Restoring Basque culture in the Granite Chief Wilderness
A second, more intensive and involved attempt to restore and protect traces of Basque culture in the American west is in progress this week in the Granite Chief Wilderness area.
The Whiskey Creek sheep camp, located four miles in from the Five Lakes trailhead in Alpine Meadows, is home to a unique Basque sheepherder camp. The camp, which was first settled by herders in the early 1900s, was furnished with a residential cabin, a storage cabin and a Basque oven, built with Old World craftsmanship.
According to U.S. Forest Service archaeologist Carrie Smith and University of Nevada, Reno Basque Studies professor and historian Joxe Mallea-Olaetxe, sites like Whiskey Creek help to preserve the role Basques played in the development of the American west and an important piece of their culture.
“This was a place where Basque sheepherders and a camp tender was based during summer months,” said Smith. “For me, the Basque people really contributed greatly to the development of the American West. They’re not really recognized for this part in the development because they were not in a high-profile industry. They have this hidden history. Saving places like this and projects like this really recognizes their place in American history and I think that’s important.”
Traditionally, these camps served as summer bases, where camp tenders could store supplies and bake bread every few days. They would use pack animals to deliver bread and other supplies to their herders once or twice a week.
“It’s (Whiskey Creek) one of the few intact sheep camps in the Sierra. It’s even more unique because its at such a high elevation,” Smith said.
Two summers ago, Smith and Mallea-Olaetxe organized the first restoration project, where volunteers from the North American Basque Organization and U.S. Forest Service employees hiked in to the camp to remove a large fallen tree from the storage cabin, repair roofs and window hinges and dig a small ditch around the structures to help prevent snow damage at the base of the structures.
This year, NABO volunteers, volunteers from the Basque country, and Passport In Time (U.S. Forest Service) volunteers hiked four miles to join Smith and Mallea-Olaetxe in a week-long effort to replace the rotten logs at the base of the structures.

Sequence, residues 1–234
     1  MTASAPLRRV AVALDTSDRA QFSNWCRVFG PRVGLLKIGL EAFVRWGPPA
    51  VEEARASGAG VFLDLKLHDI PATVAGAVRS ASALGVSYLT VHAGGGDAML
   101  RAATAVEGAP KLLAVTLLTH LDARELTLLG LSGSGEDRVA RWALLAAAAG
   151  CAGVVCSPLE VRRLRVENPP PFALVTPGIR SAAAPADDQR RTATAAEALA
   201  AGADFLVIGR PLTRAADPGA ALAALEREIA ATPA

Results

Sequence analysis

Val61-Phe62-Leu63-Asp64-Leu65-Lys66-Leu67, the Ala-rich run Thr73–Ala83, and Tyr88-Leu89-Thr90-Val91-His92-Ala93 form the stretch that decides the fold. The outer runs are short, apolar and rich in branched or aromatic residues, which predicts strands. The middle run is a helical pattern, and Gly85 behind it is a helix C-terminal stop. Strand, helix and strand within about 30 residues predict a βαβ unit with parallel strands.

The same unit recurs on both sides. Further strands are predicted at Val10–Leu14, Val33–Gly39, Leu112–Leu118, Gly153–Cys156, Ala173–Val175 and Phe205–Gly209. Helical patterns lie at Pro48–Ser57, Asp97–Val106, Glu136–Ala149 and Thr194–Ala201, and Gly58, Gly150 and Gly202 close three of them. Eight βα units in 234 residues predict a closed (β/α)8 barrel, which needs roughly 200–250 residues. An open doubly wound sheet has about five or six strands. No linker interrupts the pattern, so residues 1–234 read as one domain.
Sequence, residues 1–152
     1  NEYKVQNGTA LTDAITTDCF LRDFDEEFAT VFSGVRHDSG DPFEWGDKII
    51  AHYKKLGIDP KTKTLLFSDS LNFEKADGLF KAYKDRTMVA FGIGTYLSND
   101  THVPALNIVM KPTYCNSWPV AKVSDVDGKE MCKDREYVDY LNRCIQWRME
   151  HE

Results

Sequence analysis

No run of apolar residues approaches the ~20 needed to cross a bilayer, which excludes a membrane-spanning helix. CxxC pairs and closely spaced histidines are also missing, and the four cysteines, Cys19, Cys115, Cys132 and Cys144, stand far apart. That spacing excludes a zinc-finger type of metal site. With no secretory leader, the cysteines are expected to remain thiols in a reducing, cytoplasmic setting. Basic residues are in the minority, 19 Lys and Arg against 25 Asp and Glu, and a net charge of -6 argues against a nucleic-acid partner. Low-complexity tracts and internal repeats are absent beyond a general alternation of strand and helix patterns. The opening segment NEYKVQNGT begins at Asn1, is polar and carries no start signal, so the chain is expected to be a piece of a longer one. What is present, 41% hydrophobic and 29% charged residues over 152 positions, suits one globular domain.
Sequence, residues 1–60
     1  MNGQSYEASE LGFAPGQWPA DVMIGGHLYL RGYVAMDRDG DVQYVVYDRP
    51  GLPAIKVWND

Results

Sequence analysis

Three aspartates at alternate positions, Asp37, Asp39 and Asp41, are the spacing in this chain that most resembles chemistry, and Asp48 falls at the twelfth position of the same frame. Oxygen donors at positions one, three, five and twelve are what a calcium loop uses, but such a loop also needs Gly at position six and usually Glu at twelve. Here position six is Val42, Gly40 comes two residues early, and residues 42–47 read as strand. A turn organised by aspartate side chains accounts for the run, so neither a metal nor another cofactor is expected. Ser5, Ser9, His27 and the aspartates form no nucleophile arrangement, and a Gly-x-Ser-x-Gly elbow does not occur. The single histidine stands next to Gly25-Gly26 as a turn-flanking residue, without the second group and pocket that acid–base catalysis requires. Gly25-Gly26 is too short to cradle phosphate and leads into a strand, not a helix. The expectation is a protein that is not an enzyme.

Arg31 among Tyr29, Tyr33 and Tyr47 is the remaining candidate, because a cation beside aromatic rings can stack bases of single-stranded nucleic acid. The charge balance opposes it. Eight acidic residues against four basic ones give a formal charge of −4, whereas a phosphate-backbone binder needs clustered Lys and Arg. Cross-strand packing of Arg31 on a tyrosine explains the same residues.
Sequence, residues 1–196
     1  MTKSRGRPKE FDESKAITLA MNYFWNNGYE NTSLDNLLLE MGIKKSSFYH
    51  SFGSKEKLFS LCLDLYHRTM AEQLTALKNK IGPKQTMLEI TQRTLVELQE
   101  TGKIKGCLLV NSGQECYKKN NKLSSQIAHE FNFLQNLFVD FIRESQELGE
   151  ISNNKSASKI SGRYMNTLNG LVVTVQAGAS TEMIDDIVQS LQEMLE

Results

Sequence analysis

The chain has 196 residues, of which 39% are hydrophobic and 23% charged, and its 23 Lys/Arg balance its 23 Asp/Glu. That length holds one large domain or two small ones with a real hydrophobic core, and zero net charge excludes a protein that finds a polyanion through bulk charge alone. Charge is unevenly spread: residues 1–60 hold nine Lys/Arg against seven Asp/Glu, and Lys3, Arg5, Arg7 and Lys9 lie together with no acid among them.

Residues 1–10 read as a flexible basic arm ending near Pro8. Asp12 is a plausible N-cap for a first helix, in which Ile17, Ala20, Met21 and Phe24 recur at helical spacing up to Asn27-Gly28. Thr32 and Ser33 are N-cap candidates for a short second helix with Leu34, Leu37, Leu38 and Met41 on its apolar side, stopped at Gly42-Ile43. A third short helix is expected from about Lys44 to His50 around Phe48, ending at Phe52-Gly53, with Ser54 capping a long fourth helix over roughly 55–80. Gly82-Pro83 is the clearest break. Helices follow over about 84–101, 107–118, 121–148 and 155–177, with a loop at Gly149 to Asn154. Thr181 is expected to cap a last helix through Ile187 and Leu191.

“This is the biggest effort and the end of the effort of restoration (for this site),” said Mallea-Olaetxe.
The crew of volunteers jacked the residential cabin up on 12 20-pound jacks on Monday and also cut trees to create new logs, with which they will replace the rotten logs.
The work is intensive, largely due to the fact that the volunteers can only use hand tools. Because of the camp’s remote position in a designated wilderness area, no mechanical tool such as chain saws are allowed.
One tool, a huge cross-cut saw that must be used by at least two people, is known as the “misery whip” because it is so hard on the back.
“We’re using different muscles than ever before, but it’s not too hard of work,” said Oyvind Frock, a 71-year-old PIT volunteer from Reno. “This is the first time I’ve done a lot of things I haven’t done before … carrying logs and such.”
One of Frock’s favorite things about this project is learning from the Basque volunteers.
“They’re practicing their English and I’m practicing my Spanish,” he said. “I grew up with Basques in Phoenix, so I’ve been familiar with them all my life.”
Throughout the rest of the week, the group will work hard to replace the logs, which will have to be shaven down to fit with the rest of the structures. They will also dig larger ditches around each structure and make other small repairs.
According the Basque historian and writer Nancy Zubiri, the survival of the Whiskey Creek site is unusual because the two structures and the oven were slated for demolition in 1992 because the area’s wilderness designation does not allow for man-made structures. But Mallea-Olaetxe and other Forest Service employees successfully argued for their protection.
“For at least 100 years, the Basque and the federal government haven’t been the best of friends. The Basques were accused of being hard on the land. Now, they work together,” Mallea-Olaetxe said. “Artifacts can become historically significant over a period of 50 years.”
Later this week, the group will bake bread in the unique Basque oven, a symbol of their hard work for helping to preserve the site.
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